Trend Alert: Church-Oriented Development

A mixed-use development being proposed for the First Baptist Church's property in downtown Silver Spring is just the latest in a series of similar projects across the D.C. suburbs that are pitting congregations against preservationists.
February 26, 2013, 1pm PST | Jonathan Nettler | @nettsj
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When the First Baptist Church of Silver Spring and their developer partners Grosvenor Americas and LaKritz Adler go before the Montgomery County Planning Board this week to discuss their proposal to "replace their aging sanctuary with apartments, shops and a new church," they'll be joining a number of brethren in the area pursuing similar such projects, says Dan Reed. "Whether due to declining attendance or growing ambitions, other area churches are doing the same thing, notably the Third Church of Christ, Scientist in downtown DC, which partnered with a developer to raze their architecturally significant sanctuary and replace it with a new church and office building."

"In Arlington, the Church at Clarendon sold the air rights above their church so an apartment building could be built on top," he adds. "Meanwhile, the First Baptist Church of Wheaton sold their property to an apartment developer to relocate to Olney."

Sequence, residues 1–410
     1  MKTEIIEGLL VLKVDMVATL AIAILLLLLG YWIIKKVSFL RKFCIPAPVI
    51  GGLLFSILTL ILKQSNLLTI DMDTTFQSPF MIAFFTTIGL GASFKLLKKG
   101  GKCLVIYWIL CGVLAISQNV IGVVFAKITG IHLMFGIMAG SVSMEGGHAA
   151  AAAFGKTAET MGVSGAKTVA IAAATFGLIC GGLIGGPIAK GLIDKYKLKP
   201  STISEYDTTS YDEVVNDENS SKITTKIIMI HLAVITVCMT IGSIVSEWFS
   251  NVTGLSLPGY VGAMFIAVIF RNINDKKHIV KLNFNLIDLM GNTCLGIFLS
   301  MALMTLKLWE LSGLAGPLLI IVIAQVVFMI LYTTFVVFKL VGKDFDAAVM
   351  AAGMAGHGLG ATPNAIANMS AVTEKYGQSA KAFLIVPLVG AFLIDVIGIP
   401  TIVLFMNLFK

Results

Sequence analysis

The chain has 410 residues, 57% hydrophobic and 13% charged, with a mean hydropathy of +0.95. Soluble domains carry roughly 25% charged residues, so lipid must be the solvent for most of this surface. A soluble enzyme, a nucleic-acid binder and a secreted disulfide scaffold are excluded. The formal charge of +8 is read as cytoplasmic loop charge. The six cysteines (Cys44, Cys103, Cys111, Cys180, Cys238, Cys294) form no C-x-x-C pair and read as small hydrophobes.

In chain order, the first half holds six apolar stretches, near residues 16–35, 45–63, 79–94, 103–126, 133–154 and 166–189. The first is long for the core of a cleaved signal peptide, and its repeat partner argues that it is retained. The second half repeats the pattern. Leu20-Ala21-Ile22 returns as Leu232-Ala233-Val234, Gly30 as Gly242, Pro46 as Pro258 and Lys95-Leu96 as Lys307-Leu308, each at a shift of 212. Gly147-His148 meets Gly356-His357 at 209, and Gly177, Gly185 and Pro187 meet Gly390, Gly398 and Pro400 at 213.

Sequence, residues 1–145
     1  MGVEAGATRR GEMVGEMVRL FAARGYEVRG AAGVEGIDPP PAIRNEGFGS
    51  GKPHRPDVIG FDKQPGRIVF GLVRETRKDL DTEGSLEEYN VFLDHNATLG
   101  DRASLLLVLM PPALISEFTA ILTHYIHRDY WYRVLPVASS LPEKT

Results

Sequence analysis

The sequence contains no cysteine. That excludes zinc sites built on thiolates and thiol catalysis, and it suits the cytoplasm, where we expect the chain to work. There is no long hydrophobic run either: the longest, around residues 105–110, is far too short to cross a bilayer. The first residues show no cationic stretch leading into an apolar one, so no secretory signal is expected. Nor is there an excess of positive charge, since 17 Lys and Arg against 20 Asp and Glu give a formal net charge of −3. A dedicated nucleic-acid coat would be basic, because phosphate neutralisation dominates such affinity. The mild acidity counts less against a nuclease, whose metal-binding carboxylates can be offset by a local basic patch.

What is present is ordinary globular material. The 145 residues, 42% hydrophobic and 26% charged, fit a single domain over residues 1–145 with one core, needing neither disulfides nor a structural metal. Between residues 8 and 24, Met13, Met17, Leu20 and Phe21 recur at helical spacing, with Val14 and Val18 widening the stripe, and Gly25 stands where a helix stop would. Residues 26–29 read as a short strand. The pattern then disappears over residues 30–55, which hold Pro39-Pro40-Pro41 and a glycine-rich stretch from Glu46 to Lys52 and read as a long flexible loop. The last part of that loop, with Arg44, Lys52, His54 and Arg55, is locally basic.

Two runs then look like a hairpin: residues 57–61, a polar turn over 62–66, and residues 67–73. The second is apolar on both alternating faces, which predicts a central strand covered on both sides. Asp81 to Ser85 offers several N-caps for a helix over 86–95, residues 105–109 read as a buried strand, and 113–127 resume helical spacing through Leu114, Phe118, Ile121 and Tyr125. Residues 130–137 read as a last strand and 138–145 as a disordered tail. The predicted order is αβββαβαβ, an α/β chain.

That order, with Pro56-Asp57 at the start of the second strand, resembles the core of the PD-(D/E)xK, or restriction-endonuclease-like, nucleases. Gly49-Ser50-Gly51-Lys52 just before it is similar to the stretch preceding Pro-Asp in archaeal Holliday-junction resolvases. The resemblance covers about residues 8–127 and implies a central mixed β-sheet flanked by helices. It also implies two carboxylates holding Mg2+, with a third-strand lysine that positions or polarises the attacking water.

"These projects often pit congregations against preservationists, who argue that the churches are historically or architecturally significant and should be saved," explains Reed. "The Silver Spring Historical Society fought to have the First Baptist Church designated as a historic landmark; in response, the church hired a historian to argue that the building was nothing special."

"Whether or not the First Baptist Church of Silver Spring is historically significant, it plays an important role in the community. Ironically, tearing it down will allow the church to remain in the community by giving it much-needed income and a new sanctuary that better fits their needs. Not only that, but the proposed design will encourage the further revitalization of downtown Silver Spring while creating a nice transition to surrounding neighborhoods."

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Published on Tuesday, February 26, 2013 in Greater Greater Washington
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